The CU Anschutz Medical Campus is a nationally recognized leader in the creation of new knowledge and innovative approaches to improving human health. With sponsored research awards totaling more than $550 million annually, CU Anschutz researchers collaborate with partner and affiliate hospitals, clinics, and centers to bring research from the bench to the patient’s bedside.
Resident academic pursuits are strongly supported by department leadership. There are many opportunities for residents to conduct research throughout the department under the mentorship of faculty advisors. The Department of Radiology has a full-time biostatistician/health services researcher to assist residents and faculty with study design, statistical analysis, communication of research findings, and grant writing. The University of Colorado also participates in the Holman Research Pathway (ABR Holman Pathway) for residents seeking a heavy research emphasis.
Residents, fellows, and attendings showcase their hypothesis-driven research at the Research Symposium, an event sponsored by the department twice a year. Residents give a 6-minute oral presentation on their research, which is judged by a panel of attendings. A $250 academic fund prize is awarded for the best presentation.
Each resident has 5 educational days per academic year to attend a national meeting or review course. Our department funds resident travel to up to 2 national meetings ($1,500 per meeting) each year at which the resident is presenting. Residents travel throughout the country to present their research at national meetings and frequently win awards for their merits. Residents are encouraged to pursue research elective months during residency.
Roentgen Resident/Fellow Research Award
Meet some of our Resident Researchers:
Dr. Premal Trivedi (Class of 2017) currently Assistant Professor of Interventional Radiology
Dr. Trivedi received a $30,000 grant from the Society of
Interventional Radiology for his proposal, “National comparative trends in
utilization of percutaneous endovascular dialysis access maintenance procedures
by provider specialty, associated complications and long term patency rates
using the Medicare 5% files” and $140,000 grant from the Association of
University Radiologists for “Improving outcomes of transjugular intrahepatic
portosystemic shunt creation in patients with variceal bleeding” (2019). He is
also the Director of IR Research, Director of Health Services Research, and
faculty investigator in the TORR Lab (described below).
Dr. Michael Regner (Class of 2019)
Dr. Regner participated in our Radiology Residency/Bioengineering PhD Program and the prestigious ABR Holman Research Pathway, which simultaneously trains the resident in diagnostic radiology and in basic science and clinical or translational investigation. The pathway is designed for the exceptional trainee who has both strong clinical abilities and a background in research. He also received an NIH F32 grant for $134,000 and a CCTSI local NIH center grant for an additional $30,000.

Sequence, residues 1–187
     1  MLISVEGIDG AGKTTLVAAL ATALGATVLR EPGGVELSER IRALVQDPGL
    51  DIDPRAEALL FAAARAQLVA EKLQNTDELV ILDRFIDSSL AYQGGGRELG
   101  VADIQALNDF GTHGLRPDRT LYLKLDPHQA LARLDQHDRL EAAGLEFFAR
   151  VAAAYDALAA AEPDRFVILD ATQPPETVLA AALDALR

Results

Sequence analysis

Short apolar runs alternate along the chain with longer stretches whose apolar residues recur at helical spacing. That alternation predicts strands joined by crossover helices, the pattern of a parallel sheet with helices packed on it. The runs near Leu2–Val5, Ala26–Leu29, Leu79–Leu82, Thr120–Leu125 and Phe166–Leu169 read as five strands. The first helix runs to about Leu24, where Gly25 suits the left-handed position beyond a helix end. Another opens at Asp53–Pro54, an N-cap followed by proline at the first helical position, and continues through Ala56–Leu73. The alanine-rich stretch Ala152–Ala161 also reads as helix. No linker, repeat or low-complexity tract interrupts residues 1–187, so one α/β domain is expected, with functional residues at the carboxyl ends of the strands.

Thomas Flood, M.D., Ph.D. (Class of 2018)
Dr. Flood was awarded the 2017 RSNA Presidents Circle Research Resident grant, which he applied toward learning new research skills and becoming a physician-scientist under the mentorship of Tor Wager Ph.D., a leading neuroscientist in the field of functional MRI. As part of the proposal, Dr. Flood studied the neurological underpinnings of chronic back pain in order to help elucidate the central nervous system’s role in mediating the experience of persistent pain. The hope is this will lead to better therapeutic options for this complex and ubiquitous condition. Dr. Flood on this experience: “This opportunity, which is invaluable for my development as a medical researcher and career within radiology, would not be possible without the generous support of the RSNA and the President Circle donors, our CU Radiology Department, and the many great mentors that have helped guide and inspire me throughout residency.”
Digitization of clinical and imaging records in parallel with computational advances in the past decades has transformed medicine into an information science. Our lab performs health delivery and outcomes research using big data, with a focus on optimizing access to and outcomes of imaging and image-guided interventions. The TORR Lab is an offspring of the CU Radiology Residency program. With departmental support, Dr. Trivedi started the health services research core as a second year resident and was able to garner national funding for it. Medical students and residents have since chosen work to work with lab investigators in an ad hoc fashion. Permanent fixtures of the lab include three faculty investigators (Dr. Trivedi, Dr. Morgan, Dr. Timpone), a biostatistician (Alexandria Jensen), health services researcher (Margaret Reid), research administrator (Karen Kimes) and two faculty advisors (Dr. Richard Lindrooth, Professor in the Department of Health Systems, Management and Policy in the Colorado School of Public Health and Dr. James Borgstede Vice Chair for Clinical Operations in the Department of Radiology, President of the RSNA Board of Directors and William Thorwarth Awardee for Excellence in Economics and Health Policy from the American College of Radiology). Existing projects include, but are not limited to: health disparities (Trivedi, Morgan), transjugular intrahepatic portosystemic shunt (TIPS) outcomes (Trivedi), imaging work up of transient ischemic attack and associated outcomes (Timpone), value of PET/CT in work up of head/neck and lung cancers (Morgan), and market trends in utilization of peripheral artery disease interventions (Trivedi).
Jody Tanabe, MD